From what has been said it clearly follows that the provisions of this General Order do not have the nature of constitutional law either by reason of its character or by reason of the authority that enacted it into law.

It cannot be said that it has acquired this character because this order was made its own by the Congress of the United States for, as a matter of fact, this body never adopted it as a law of its own creation either before the promulgation of Act No. 2886, herein discussed, or, to our knowledge, to this date.

Since the provisions of this General Order have the character of statutory law, the power of the Legislature to amend it is self-evident, even if the question is considered only on principle. Our present Legislature, which has enacted Act No. 2886, the subject of our inquiry, is the legal successor to the Military Government as a legislative body.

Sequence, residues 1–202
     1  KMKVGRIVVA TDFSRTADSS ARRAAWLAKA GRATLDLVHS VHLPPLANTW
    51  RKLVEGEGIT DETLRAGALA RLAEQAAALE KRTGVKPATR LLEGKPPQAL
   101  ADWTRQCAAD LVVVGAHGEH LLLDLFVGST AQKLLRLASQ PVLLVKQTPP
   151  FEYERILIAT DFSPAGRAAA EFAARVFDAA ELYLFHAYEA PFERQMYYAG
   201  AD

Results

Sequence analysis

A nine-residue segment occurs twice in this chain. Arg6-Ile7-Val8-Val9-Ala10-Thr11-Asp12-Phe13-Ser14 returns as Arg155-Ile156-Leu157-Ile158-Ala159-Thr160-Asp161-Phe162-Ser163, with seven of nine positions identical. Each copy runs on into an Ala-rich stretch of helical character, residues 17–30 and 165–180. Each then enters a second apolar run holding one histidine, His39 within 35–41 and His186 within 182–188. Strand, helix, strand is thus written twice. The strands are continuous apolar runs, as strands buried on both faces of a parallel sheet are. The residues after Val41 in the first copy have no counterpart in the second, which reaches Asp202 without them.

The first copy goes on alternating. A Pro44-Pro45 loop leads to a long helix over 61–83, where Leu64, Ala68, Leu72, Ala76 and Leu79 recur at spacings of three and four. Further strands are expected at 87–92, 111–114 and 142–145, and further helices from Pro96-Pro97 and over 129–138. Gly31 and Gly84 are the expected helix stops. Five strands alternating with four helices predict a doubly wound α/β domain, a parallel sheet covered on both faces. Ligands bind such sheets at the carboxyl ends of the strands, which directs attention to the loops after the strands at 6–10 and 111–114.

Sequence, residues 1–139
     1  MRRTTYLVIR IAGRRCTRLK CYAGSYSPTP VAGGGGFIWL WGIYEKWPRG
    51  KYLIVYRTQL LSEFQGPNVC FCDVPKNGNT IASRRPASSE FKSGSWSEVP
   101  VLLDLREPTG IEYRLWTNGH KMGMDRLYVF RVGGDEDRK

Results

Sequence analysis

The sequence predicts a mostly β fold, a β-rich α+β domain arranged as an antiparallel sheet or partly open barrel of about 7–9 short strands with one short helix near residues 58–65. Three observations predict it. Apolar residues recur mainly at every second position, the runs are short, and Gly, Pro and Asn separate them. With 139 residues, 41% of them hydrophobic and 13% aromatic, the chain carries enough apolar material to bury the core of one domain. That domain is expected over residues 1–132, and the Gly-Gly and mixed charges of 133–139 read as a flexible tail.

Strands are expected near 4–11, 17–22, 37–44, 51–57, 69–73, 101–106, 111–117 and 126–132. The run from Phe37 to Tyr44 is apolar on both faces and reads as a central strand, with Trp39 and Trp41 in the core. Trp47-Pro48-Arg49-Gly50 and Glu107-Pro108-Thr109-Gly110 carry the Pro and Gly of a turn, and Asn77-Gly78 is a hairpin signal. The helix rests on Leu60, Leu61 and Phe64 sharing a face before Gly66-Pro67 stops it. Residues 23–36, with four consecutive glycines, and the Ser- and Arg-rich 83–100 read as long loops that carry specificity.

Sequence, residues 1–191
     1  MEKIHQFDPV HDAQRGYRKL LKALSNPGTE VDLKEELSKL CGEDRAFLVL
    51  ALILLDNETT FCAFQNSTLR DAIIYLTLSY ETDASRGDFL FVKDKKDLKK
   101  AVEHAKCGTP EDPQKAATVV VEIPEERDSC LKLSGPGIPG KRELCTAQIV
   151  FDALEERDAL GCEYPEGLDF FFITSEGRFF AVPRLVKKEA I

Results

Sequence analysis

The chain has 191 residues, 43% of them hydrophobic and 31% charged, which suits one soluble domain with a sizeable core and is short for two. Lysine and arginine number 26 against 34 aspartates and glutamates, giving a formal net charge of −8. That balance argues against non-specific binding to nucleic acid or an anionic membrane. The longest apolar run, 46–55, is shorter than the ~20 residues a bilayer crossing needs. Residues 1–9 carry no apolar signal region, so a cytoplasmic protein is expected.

Since the advent of the American sovereignty in the Philippines the legislative branch of our government has undergone transformations and has developed itself until it attained its present form. Firstly, it was the Military Government of the army of occupation which, in accordance with international law and practice, was vested with legislative functions and in fact did legislate; afterwards, complying with the instructions of President McKinley which later were ratified by Congress (sec. 1 of the Act of July 1, 1902) the legislative powers of the Military Government were transferred to the Philippine Commission; then, under the provisions of section 7 of the Act of Congress of July 1, 1902, the Philippine Assembly was created and it functioned as a colegislative body with the Philippine Commission. Finally, by virtue of the provisions of section 12 of the Act of Congress of August 29, 1916, known as the Jones Law, the Philippine Commission gave way to the Philippine Senate, the Philippine Assembly became the House of Representatives, and thus was formed the present Legislature composed of two Houses which has enacted the aforesaid Act No. 2886.